I used my iPhone’s GPS map, with about a dozen sights and locations pinned. They weren’t all in a straight line, but rather zig-zagged all around town, so I knew I’d be getting some good exercise today. First stop was Zeleni Venac, Belgrade’s most famous farmers market. It was clean, orderly and quiet–pretty much the opposite of the chaotic markets I’m used to in Africa, the Middle East and South America. I took a quick stroll the stalls of Zeleni Venac, checking out all the fruits, veggies, nuts and candy. I should’ve tried something, but I was in a hurry…lots to see!
Places to Go, People to See
On with my Serbian adventure, my walking tour took me next to an old cobblestone area of Belgrade called Skadarlija, then headed over to Knez Mihailova Street, the main pedestrian and shopping zone.
It wasn’t even noon yet, and I’d already walked miles, without having breakfast. It was time for fuel. First, a stop into a coffee shop on Knez Mihailova for a wonderful cappuccino, then just down the street, I had to try a Serbian hot dog. What’s a Serbian hot dog? I’m not sure if that’s what they even call it, but it was a dog wrapped tight inside a pretzel sleeve. Brilliant! Why didn’t America think of this? I liked it because not only was it tasty, but it was super easy to eat on the go. I had places to go…people to see! Well, maybe just places to see. But yeah, what a great meal on the run.
A visit to the Belgrade Fortress is a must. Located at the end of Knez Mihailova Street, the fort is the most visited tourist attraction in Belgrade. And there was no admission price, which is always a nice surprise.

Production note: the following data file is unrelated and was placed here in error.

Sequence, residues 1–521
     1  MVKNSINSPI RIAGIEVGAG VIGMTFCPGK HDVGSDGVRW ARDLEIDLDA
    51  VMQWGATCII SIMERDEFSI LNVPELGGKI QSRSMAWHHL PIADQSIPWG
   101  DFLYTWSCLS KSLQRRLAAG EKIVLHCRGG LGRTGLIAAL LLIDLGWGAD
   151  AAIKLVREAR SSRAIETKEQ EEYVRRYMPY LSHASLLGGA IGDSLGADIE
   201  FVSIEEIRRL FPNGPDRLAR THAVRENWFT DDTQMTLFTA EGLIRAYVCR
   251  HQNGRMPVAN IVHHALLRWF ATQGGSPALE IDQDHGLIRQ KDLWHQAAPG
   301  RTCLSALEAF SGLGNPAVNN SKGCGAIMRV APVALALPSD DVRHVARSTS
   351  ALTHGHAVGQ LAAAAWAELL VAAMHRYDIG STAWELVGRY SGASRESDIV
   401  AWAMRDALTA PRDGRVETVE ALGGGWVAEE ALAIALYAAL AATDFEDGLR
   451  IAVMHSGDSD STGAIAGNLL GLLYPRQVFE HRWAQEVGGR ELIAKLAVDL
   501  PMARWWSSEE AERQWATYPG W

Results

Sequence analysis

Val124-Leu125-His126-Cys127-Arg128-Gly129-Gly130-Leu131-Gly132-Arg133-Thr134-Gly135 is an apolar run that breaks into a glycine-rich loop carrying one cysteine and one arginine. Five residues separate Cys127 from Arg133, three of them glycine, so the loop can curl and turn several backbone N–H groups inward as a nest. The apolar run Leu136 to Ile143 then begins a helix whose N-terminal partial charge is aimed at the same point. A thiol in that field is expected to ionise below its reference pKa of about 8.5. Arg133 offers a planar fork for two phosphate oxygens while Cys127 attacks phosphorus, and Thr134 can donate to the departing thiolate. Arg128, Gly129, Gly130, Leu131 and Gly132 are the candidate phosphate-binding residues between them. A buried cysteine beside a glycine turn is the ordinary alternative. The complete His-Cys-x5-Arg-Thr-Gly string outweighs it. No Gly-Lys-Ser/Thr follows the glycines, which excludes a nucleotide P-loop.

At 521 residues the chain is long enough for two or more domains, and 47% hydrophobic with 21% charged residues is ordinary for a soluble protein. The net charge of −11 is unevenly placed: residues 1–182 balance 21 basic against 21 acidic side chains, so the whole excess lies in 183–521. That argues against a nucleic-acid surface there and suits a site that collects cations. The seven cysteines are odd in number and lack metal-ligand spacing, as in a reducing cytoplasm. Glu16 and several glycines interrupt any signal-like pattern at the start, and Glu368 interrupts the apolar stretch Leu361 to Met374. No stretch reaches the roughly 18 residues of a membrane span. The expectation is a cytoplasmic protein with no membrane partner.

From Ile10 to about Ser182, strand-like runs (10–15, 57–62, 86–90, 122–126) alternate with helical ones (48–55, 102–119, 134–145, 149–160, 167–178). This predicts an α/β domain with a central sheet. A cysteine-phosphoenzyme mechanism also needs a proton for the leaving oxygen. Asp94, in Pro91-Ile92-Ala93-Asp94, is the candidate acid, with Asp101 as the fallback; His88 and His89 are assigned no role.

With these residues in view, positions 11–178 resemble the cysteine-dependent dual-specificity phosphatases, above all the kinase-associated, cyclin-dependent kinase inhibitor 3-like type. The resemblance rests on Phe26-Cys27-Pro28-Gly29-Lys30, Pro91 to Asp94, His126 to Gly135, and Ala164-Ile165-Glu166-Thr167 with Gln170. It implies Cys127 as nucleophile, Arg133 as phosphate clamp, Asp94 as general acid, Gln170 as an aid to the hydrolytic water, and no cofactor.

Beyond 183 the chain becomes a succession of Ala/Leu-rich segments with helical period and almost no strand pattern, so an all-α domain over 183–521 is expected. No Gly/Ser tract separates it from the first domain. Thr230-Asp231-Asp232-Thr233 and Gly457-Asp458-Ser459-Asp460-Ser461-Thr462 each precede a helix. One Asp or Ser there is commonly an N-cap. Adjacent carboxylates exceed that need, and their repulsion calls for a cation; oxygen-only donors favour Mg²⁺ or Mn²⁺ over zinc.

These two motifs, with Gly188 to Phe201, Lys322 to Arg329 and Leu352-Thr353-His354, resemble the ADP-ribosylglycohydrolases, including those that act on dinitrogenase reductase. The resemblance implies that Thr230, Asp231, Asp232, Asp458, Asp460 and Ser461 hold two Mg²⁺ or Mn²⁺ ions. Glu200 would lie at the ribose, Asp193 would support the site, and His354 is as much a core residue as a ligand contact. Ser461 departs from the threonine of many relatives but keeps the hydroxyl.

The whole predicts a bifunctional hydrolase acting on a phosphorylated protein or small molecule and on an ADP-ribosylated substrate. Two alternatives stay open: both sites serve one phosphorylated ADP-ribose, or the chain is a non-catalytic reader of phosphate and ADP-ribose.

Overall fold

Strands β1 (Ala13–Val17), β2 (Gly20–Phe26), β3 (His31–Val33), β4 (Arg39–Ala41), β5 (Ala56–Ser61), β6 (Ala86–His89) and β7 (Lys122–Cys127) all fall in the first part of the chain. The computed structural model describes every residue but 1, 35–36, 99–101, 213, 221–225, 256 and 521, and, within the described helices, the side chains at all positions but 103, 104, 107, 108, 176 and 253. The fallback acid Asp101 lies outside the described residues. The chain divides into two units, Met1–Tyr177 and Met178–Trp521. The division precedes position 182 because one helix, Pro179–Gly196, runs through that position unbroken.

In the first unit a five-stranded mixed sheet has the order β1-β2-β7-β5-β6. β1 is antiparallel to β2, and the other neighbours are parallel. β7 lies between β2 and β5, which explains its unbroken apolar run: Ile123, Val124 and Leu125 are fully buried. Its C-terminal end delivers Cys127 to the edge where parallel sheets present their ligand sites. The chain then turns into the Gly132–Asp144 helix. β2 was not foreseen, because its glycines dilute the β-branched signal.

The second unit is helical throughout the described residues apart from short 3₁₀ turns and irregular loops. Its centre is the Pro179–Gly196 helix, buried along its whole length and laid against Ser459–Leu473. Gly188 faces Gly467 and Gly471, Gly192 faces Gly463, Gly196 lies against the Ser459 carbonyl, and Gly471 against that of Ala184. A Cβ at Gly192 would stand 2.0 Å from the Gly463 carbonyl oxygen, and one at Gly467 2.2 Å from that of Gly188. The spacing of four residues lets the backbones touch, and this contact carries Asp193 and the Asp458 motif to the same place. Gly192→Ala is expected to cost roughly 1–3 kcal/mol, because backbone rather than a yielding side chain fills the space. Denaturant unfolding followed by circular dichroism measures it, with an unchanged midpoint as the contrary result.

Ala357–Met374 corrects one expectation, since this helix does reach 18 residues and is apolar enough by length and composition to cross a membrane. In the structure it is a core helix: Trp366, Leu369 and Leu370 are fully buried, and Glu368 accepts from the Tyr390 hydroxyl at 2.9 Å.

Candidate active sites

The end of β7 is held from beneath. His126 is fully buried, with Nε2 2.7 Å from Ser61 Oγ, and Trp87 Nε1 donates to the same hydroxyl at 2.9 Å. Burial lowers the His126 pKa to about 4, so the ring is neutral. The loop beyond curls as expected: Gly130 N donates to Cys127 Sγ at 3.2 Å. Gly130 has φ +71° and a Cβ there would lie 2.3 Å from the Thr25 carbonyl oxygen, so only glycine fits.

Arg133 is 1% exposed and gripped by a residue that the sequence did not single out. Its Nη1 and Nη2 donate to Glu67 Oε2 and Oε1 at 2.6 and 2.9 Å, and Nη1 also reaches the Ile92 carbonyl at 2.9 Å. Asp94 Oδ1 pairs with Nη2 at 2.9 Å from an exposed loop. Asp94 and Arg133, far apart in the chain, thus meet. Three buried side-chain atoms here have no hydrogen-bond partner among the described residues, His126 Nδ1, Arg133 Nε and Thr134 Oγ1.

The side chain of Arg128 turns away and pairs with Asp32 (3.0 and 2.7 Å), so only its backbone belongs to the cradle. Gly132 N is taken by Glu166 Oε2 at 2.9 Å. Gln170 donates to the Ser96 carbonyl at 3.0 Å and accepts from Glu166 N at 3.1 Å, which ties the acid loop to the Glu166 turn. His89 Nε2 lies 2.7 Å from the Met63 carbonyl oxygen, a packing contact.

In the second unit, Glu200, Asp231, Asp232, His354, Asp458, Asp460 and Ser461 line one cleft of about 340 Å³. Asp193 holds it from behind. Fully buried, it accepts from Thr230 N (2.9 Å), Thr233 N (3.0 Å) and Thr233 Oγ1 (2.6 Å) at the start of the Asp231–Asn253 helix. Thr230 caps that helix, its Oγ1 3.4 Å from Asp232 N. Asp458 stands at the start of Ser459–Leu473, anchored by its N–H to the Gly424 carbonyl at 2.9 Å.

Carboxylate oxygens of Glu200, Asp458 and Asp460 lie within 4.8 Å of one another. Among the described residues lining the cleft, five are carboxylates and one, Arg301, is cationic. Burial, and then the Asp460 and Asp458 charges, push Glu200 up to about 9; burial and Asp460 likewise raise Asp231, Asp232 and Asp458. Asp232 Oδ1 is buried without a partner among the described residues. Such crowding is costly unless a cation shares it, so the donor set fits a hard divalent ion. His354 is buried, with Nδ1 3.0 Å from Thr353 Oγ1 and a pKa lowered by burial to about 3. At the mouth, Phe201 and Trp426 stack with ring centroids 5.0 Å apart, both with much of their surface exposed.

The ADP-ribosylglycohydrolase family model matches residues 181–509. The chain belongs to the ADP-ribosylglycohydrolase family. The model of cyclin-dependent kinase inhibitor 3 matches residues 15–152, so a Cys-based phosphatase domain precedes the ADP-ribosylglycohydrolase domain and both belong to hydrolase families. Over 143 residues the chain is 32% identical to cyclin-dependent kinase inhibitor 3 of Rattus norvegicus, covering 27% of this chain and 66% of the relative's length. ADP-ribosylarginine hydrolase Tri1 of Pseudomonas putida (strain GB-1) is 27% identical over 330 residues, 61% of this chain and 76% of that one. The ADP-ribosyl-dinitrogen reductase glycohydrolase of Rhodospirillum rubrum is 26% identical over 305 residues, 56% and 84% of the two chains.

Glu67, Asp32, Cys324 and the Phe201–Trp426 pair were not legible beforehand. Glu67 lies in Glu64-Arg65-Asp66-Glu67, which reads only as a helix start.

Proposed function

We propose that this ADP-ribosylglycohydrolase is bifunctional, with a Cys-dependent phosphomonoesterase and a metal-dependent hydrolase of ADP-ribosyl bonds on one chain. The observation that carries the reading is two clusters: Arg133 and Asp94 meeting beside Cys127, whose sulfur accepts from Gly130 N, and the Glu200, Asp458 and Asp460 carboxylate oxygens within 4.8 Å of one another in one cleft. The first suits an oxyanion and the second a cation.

I Go, Yugo
I still had lots more to see, and although there was a bunch of cool stuff all grouped together in Stari Grad (Old City), the other stuff was a little farther away. I jumped on a bus headed in the general direction and a few minutes later hopped off in a new neighborhood. I loved the public transportation here! Imagine if I actually knew what I was doing, and knew the routes! I would be unstoppable!
Rollin’ on the River
I really enjoyed the walk to Gardoš Tower; such a pleasant stroll along the beautiful Danube. This area of Belgrade was a whole other tourist spot, but a much less crowded than the Stari Grad area and even more beautiful, with a long walkway and little restaurants along the water. I stopped at a waterside café for a Coke and to rest my feet before proceeding on.
Tower of Power
Last stop, Gardoš Tower aka Millennium Tower. The tower was opened back in 1896 to celebrate a thousand years of Hungarian settlement in the Pannonian plain. It was a couple bucks admission and then a very dizzying spiral-staircase climb to the top. Once I was at the top, some spectacular views of the Danube and Belgrade. What a nice end to a full day!
Belgrade Gets a Grade A
There was no way I was walking back to the hotel. My feet felt like there were ready to fall off. I’d walked so much in such a short amount of time, I was absolutely beat. Once again, I tried my luck at public transportation and was able to make it back on a bus with no issues. Hooray! I saved so much money by not taking taxis. I stopped at my favorite corner restaurant for some nourishing pizza and rested for a few hours before heading to the airport for a 12:30AM flight to Bucharest. I loved Belgrade: a big city, with so much to do and see! It was definitely one of the highlights of this week-long, six-country trip.
And Now…the REST of the Insta(Story)